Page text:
White Habanero Pepper Seeds (capsicum chinense)
White Habanero Pepper ,,Rated at over 300,000 scoville heat units.
The White Habanero also know as 'Peruvian white Habanero' is a lovely & rare variety that is hard to come by and said to originate from Peru.
These firey hot lantern shaped peppers grow on small, but very high yielding bushy pepper plants with the creamy-white colored pods measuring approximately 2 inches long by 3/4 of an inch in diamater. If you like seraing hot chiles, this could be the one for you as they have been rated at over 300,000 scoville heat units.
We are proud to add white habanero seeds to our large selection of pepper seeds. It is hard to find these available, so we're happy to finally be carrying them. The white habanero packs the same eye-watering heat as the traditional habanero. But these unique peppers, thought to have originated from Peru, have adopted a deceivingly innocuous creamy white color. Donât let your eyes play tricks on you though. This is the color of the smoke youâll be breathing. These small bushy plants typically produce high yields of 2â³ fruits. As with a lot of the more tropical peppers, germination typically takes about a month at a soil temperature of 70 degrees or higher. Fruits typically mature after 100 days.
Hot peppers are actually members of the nightshade family. These seeds will produce plump peppers with a strong spiciness and a fruity flavor. They are great for drying or eating fresh. The easiest way to dry them is to slice them open and hang them outside in the sun or from the ceiling where the hot air collects. a dry environment such a s a boiler room is ideal. âSpice upâ your soups or soak them in oil that can be added to your dishes. Hot peppers have long been used as a spice in a variety of ethnic cuisines and are considered to have medicinal properties. Capsaicin, the active principle, releases endorphins that can relieve pain and itching and can be used to âburnâ out a cold. It is also used for sore throat, circulatory problems, and problems in the GI tract. It can, however, cause other stomach problems if consumed in excess.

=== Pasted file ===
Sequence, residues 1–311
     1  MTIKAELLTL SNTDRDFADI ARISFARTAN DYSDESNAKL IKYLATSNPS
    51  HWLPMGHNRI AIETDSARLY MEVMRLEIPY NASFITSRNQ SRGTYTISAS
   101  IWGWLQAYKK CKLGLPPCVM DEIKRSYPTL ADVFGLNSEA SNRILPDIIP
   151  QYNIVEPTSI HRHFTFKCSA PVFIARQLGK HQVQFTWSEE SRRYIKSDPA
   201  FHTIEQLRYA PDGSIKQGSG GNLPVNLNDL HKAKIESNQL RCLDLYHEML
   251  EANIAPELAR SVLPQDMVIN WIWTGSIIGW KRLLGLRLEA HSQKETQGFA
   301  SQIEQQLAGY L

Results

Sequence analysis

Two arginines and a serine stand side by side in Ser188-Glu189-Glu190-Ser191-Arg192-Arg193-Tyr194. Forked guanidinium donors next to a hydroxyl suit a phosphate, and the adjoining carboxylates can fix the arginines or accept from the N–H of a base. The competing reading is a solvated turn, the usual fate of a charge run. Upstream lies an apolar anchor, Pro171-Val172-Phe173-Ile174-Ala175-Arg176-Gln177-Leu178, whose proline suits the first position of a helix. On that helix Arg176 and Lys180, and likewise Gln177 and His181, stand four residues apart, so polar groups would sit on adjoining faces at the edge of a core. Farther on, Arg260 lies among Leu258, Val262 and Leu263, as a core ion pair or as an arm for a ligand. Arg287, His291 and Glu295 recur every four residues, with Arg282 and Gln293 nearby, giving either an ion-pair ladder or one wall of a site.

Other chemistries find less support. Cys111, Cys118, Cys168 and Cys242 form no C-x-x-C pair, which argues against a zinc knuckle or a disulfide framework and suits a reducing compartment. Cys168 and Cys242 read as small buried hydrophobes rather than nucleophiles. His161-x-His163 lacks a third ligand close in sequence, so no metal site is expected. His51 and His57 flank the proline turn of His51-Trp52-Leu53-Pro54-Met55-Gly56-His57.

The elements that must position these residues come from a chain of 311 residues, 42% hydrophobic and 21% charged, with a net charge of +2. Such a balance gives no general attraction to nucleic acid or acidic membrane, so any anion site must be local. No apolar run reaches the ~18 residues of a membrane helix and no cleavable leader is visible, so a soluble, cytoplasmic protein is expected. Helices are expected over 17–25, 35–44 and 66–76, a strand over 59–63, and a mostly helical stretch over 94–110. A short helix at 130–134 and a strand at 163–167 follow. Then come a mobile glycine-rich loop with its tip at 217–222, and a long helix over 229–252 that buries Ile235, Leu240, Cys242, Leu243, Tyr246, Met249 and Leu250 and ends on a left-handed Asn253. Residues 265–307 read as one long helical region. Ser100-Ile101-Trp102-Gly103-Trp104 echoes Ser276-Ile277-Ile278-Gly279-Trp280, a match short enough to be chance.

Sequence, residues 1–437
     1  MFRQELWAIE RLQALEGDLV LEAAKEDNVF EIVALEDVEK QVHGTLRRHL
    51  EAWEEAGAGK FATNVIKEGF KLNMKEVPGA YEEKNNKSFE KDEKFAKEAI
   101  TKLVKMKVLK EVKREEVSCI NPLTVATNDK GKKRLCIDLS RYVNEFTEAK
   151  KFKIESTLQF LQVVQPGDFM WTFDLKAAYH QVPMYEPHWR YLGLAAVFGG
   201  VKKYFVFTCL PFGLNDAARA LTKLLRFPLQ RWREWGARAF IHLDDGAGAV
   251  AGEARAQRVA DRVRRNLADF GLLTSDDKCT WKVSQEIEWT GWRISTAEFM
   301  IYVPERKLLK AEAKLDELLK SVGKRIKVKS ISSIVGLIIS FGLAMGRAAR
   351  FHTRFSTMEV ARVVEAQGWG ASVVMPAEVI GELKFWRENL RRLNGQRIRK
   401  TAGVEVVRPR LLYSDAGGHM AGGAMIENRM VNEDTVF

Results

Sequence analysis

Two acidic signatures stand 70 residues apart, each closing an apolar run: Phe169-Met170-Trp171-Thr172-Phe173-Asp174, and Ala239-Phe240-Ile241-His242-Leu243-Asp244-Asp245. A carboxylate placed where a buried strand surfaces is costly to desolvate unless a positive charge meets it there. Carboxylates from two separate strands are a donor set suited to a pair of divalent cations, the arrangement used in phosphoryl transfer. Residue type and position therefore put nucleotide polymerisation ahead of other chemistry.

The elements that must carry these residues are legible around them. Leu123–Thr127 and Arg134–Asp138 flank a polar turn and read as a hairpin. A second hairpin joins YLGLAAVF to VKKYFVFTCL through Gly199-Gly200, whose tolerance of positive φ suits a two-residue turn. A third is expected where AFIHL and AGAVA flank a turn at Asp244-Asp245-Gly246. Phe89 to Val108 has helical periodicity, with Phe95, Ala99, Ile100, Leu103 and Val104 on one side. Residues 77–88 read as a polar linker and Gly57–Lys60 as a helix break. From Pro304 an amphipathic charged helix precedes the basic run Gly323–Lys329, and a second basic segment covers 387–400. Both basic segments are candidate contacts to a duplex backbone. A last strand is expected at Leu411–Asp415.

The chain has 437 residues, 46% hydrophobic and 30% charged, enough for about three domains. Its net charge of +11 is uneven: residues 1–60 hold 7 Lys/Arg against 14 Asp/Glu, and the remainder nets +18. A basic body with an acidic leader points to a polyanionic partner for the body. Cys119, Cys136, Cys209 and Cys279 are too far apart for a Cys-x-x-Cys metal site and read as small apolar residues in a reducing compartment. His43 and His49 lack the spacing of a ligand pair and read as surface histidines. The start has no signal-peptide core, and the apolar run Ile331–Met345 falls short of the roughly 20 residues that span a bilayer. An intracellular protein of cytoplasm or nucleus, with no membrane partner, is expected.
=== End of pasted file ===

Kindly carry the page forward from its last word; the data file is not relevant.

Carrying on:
Sow seeds indoors Â¼" deep. Peppers germinate best in warm soil, so gentle bottom heat may be helpful until seedlings emerge. Wait to transplant outdoors until soil is warm.
Pepper varieties come from tropical humid regions. The temperature, moisture, and air circulation all play a role in growing plants from seeds. Too little heat, too much moisture, and lack of air circulation will cause poor results. Do not use jiffy peat pots, plugs, or potting soil as the soil becomes too dry or too wet, which can lead to disease and fungus. We have experienced disease and low germination when using these types of products. Use Organic Seed Starting Material for best germination results.
Peppers often like to take their sweet time germinating. They can be up in a week, and some will take almost a month. Even with paper towel germination testing, they can take long. I am not sure why, but it is a normal occurrence. So plan and make sure you start them early enough! Also, remember they like heat to germinate so make sure you have a heating mat or something to keep the soil warm. Placing them up on top of the fridge often works too since it is normally warmer up there.
Peppers, like tomatoes, grow in well-drained fertile soil. Almost all peppers have the same requirements for successful growth. Plant them in good, well-drained, fertile soil â and make sure they get lots of sunlight and a good inch of water per week. In many ways, they mimic the same requirements needed for growing great tomatoes.
At Planting Time:
We plant all of our peppers with a good shovel full of compost in the planting hole, and then give them a good dose of compost tea every few weeks for the first 6 weeks of growth. We also mulch around each of our pepper plants with a good 1 to 2â³ thick layer of compost.
Growing Hot Peppers in Containers
Peppers can be grown all year long in containers. It is suitable for apartment dwellers and gardeners who live in cool regions where the number of growing days are limited. Many pepper enthusiast grow peppers in pots so they can have fresh peppers all year long. Itâs best to use 5 gallon containers so the roots do not get too over-crowded
Requires fertile soil in a well drained location in the garden. Apply much and grass clippings, or straw around base of plant.
Water well with soaker hoses during dry and hot spells.
Use RootBlast, Vegetable Alive, and Slow Release Fertilizer when transplanting outdoors. Apply Miracle Gro every two weeks.
Harvest hot peppers when they are fully mature using a garden scissor so you don't damage the plant. Pick peppers as they mature to encourage new buds to form.
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